DETERMINING THE CAUSE OF DEATH
Forensic Pathology Services
Why is a body brought to the Medical Examiner’s Office?
The law says that the medical examiner must examine the body of anyone who has died in a way that is:
sudden (when the person otherwise appears to have been healthy)
suspicious, unusual, or unnatural
The medical examiner must try to determine how and why the person has died. The medical examiner also must decide if an autopsy is needed.
What is an autopsy?
An autopsy is a step-by-step examination of the body of someone who has died. A doctor looks to see if the body is diseased or injured. The doctor may also take samples of tissue or fluids for testing. This testing is done after the exam so that the family does not have to wait for the body to be released.
The exam usually takes several hours. Nothing is done that would keep the body from being viewed at a funeral.
What if the family does not want an autopsy?
If the family does not want an autopsy, the legal next of kin (closest relative) should tell the Medical Examiner’s Office. The Medical Examiner’s Office will take the request seriously. However, in many cases an autopsy is required by law and must be done despite what the family may want.
Is there a charge for the autopsy?
If there is an autopsy, can organs or tissues still be donated?
Yes. The Medical Examiner’s Office will work with the organ bank to help make this happen.
Can the family get a copy of the autopsy report?
Under Tennessee law, autopsy reports are public. A copy of the report will be prepared upon written request. Please contact our office for report pricing.
How does the family arrange to have the body released?
The legal next of kin (closest relative) must give the Medical Examiner’s Office the name of the funeral home to which the body will be released. The Medical Examiner’s Office will then tell the funeral home when the body is ready.
When will the Medical Examiner’s Office release the body?
The body is almost always released within 24 hours. Sometimes, though, more time is needed for extra testing or to confirm a person’s identity.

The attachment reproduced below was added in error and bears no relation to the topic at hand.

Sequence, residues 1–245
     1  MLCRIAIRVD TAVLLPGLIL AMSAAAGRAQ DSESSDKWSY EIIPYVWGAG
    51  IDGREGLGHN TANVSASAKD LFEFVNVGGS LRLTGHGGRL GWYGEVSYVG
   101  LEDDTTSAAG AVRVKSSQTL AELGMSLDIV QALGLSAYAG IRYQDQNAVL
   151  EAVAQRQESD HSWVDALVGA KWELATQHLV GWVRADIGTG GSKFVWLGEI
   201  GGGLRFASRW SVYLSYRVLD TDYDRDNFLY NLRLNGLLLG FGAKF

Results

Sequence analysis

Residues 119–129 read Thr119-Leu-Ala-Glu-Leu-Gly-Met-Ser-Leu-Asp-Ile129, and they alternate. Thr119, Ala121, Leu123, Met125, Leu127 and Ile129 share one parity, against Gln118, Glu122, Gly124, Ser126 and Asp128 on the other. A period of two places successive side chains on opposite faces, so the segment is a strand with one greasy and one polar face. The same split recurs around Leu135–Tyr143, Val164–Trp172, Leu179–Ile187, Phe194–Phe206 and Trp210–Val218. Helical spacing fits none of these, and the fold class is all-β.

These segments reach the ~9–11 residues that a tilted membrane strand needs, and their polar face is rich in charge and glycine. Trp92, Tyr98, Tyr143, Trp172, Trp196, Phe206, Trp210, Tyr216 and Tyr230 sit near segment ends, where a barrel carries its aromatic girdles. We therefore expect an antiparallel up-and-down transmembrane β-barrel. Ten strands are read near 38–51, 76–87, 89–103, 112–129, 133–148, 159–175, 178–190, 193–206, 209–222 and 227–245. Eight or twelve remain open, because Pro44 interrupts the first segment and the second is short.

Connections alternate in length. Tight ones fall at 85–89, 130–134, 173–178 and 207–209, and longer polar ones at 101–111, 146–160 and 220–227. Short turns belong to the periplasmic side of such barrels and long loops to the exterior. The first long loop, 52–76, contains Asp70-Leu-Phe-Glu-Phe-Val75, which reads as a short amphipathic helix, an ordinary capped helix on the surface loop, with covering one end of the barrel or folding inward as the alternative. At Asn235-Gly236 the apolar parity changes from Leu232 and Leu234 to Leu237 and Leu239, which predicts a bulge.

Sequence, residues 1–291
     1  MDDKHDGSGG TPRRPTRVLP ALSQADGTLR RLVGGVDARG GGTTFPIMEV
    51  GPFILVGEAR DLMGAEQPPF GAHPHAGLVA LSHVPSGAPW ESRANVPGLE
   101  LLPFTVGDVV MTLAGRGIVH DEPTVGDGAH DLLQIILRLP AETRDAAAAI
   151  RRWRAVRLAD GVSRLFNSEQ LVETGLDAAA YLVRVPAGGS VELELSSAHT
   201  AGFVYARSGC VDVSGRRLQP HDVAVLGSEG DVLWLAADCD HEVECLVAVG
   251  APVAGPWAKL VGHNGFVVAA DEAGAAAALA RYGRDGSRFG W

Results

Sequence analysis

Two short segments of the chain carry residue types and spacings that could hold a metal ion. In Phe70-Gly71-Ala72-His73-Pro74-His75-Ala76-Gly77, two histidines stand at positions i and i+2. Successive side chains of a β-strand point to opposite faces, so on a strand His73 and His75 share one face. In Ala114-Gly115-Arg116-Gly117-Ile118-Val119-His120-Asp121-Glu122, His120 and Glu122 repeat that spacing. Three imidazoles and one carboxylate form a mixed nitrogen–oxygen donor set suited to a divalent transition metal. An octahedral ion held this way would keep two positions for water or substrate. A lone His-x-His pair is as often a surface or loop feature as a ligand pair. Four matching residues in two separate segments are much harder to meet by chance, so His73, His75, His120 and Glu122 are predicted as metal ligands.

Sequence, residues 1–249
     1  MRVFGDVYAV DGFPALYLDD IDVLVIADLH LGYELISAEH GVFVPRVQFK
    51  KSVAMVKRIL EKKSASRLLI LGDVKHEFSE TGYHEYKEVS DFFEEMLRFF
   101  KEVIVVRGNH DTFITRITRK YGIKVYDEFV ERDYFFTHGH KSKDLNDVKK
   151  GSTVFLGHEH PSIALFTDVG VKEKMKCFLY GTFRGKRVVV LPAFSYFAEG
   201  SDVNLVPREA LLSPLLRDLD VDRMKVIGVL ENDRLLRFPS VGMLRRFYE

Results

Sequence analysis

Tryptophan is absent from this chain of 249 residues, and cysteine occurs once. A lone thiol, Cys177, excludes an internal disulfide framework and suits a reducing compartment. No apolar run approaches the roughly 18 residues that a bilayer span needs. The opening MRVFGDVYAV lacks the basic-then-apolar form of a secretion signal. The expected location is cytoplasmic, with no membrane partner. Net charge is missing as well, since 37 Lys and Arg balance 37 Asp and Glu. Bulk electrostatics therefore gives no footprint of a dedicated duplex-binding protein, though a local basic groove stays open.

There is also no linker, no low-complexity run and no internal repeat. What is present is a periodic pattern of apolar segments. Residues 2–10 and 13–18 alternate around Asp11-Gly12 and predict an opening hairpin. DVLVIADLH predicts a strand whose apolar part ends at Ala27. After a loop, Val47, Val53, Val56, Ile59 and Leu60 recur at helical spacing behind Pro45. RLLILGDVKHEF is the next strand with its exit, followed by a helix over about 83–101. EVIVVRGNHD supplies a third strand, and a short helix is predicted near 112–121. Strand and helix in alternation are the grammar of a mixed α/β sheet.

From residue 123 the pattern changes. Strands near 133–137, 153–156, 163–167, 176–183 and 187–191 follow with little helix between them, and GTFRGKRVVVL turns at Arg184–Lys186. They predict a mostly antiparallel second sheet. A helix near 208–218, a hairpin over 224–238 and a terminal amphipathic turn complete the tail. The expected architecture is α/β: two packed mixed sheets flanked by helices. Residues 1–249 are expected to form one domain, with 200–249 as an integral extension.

What about personal property?
Often, the property that is on a person when he or she dies comes to the Medical Examiner’s Office with the body.
What if the family has no money to pay—where can the family get copies of the death certificate?
If the person has died in Davidson County, copies of the death certificate can be ordered from:
Division of the Metro Health Department
2500 Charlotte Ave.
Nashville, TN 37203
If the person has died in another county, it will be necessary to contact the health department in that county.
What are the hours of the Medical Examiner’s Office?
The office is open to the public Monday through Friday, 8:00 a.m. to 4:30 p.m., except major holidays
An investigator and a Medical Examiner are available 24 hours a day, 7 days a week, to accept reports of death.
In Davidson County, the Metropolitan Government may be able to help. Call (615) 862-6458 for more information. The family may also be able to donate the body for education or research. For more information, contact the Medical Examiner’s Office.
Cases that are within Medical Examiner Jurisdiction include “deaths under suspicious, unnatural, or unusual circumstances” (TCA 38-7-108). This includes deaths caused by any type of violence or trauma, suddenly when in apparent health, deaths of infants and children, deaths related to employment or job injuries, persons in jail or custody, deaths believed to represent a public health threat, or deaths caused by abuse or neglect. This means that if any discrete injury, drug use, or any other external event contributes in any way to death, the case should be reported to the Medical Examiner’s Office. The following list represents the most common types of deaths that will fall under medical examiner jurisdiction:
Any type of homicidal violence (gunshot wounds, stab wounds, blunt
trauma from beating, strangulation, etc.)
Suicidal injuries (gunshot wounds, overdose, etc.)
Blunt trauma from motor vehicle collisions
Overdose from prescription medication or illicit drugs, no matter the
duration of hospitalization
Trauma from falls (including subdural hematomas and hip fractures)
Sudden death in persons with no known medical history
Sudden death in children or infants, even those with known medical history
Any indication or suspicion of neglect or abuse
Any person in custody or incarcerated
Any of the above types, regardless of the time elapsed between the traumatic event and death (e.g. sepsis from decubitus ulcers due to quadriplegia from gunshot wound 15 years prior)
Anyone may report any death to the Medical Examiner’s Office by calling 615-743-1800 or by paging 1-800-216-0107. We generally make a determination of jurisdiction at the time the death is reported; however, some complex or unusual cases may require more time (perhaps several hours) before a determination of Medical Examiner jurisdiction is made. The reporting individual will need to have the following minimum information about the deceased: Basic demographic information, reason for admission to hospital or emergency facility, length of hospital stay, any known medical history, and any known history of or suspicion of trauma, overdose, suicide, falls, or foul play. Medical examiner investigators may request additional or more detailed information.